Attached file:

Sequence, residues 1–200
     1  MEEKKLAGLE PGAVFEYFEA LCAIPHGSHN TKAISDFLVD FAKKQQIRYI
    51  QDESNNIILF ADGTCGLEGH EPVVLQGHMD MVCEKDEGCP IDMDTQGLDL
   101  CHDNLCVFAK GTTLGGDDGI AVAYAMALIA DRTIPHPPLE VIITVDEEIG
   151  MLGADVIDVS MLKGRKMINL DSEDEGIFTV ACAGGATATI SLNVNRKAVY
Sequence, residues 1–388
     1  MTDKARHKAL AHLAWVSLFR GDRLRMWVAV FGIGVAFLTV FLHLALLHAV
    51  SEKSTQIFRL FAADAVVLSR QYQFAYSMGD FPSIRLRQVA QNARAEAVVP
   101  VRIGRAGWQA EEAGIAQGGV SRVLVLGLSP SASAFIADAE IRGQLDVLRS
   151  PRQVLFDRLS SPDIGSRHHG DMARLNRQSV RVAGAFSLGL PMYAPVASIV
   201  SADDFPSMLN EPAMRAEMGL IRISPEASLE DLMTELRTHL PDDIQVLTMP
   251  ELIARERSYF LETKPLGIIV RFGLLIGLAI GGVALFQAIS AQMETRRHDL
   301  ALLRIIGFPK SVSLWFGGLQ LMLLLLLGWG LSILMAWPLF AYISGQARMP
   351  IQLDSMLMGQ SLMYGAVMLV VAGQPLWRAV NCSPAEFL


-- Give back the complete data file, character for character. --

Sequence, residues 1–200
     1  MEEKKLAGLE PGAVFEYFEA LCAIPHGSHN TKAISDFLVD FAKKQQIRYI
    51  QDESNNIILF ADGTCGLEGH EPVVLQGHMD MVCEKDEGCP IDMDTQGLDL
   101  CHDNLCVFAK GTTLGGDDGI AVAYAMALIA DRTIPHPPLE VIITVDEEIG
   151  MLGADVIDVS MLKGRKMINL DSEDEGIFTV ACAGGATATI SLNVNRKAVY
Sequence, residues 1–388
     1  MTDKARHKAL AHLAWVSLFR GDRLRMWVAV FGIGVAFLTV FLHLALLHAV
    51  SEKSTQIFRL FAADAVVLSR QYQFAYSMGD FPSIRLRQVA QNARAEAVVP
   101  VRIGRAGWQA EEAGIAQGGV SRVLVLGLSP SASAFIADAE IRGQLDVLRS
   151  PRQVLFDRLS SPDIGSRHHG DMARLNRQSV RVAGAFSLGL PMYAPVASIV
   201  SADDFPSMLN EPAMRAEMGL IRISPEASLE DLMTELRTHL PDDIQVLTMP
   251  ELIARERSYF LETKPLGIIV RFGLLIGLAI GGVALFQAIS AQMETRRHDL
   301  ALLRIIGFPK SVSLWFGGLQ LMLLLLLGWG LSILMAWPLF AYISGQARMP
   351  IQLDSMLMGQ SLMYGAVMLV VAGQPLWRAV NCSPAEFL